Flexible plastic packaging has the highest potential of contributing towards the achievement of the EU recycling targets for plastics, with a prospect of more than tripling in size during the next decade. To make that happen, however, now is the high time to address the challenges that must be overcome.
The study done by Eunomia demonstrates that every year, a total of 15 Mt of flexible films are put on the EU market of which 9 Mt are polyethylene (PE). With a 23% recycling rate for PE films in Europe there is much room for improvement. Specifically, advantage shall be taken of the household stream which accounts today for roughly 40% of all polyethylene film waste generated in the EU.
Major investments in recycling capacity and technology are needed to advance recycling of this stream. Increased separate collection, advancing quality of sorted waste and recyclability must be worked on in parallel. Multilayers, for example, are just one of design for recycling issues that impact the process and quality of recyclates.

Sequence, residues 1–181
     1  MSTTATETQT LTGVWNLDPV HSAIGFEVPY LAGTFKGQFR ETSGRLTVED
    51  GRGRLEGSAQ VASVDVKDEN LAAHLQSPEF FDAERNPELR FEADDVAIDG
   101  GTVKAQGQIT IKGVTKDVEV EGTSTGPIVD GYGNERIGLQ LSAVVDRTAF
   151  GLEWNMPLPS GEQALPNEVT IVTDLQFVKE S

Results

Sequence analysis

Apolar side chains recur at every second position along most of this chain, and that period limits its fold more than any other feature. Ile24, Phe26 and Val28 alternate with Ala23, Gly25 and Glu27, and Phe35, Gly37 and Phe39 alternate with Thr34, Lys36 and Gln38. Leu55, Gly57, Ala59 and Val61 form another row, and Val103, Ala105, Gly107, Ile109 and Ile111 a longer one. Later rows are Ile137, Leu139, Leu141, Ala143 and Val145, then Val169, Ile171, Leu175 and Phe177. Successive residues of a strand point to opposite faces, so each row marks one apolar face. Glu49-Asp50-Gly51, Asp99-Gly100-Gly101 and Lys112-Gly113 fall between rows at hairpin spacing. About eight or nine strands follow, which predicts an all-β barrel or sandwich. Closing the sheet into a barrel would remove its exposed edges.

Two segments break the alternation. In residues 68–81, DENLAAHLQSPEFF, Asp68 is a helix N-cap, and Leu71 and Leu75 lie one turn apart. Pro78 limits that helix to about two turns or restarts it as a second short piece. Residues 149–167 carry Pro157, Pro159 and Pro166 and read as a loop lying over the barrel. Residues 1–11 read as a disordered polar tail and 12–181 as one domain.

End-markets are just as important. “The high-end applications for rPE remain largely underexploited, commented Ton Emans, PRE President, he added: Today roughly 13% of PE flexible packaging is used in film to film applications and therefore, is in practice circular.” This trend is further confirmed in the study which demonstrates that there is a potential to substantially increase the use of recycled content within most of the major film market sectors.
Polypropylene (PP) flexible packaging with a market of around 2.5 Mt, was identified in the study as the recycling stream that is equally underrepresented. The report points out that today PP flexible films are often not sorted in a separate waste stream, and thus viable sorting and recycling routes need to be developed.
With the growing consumption and therefore demand for flexible packaging in Europe, policy makers and the industry must continue to work hand in hand on advancing its circularity.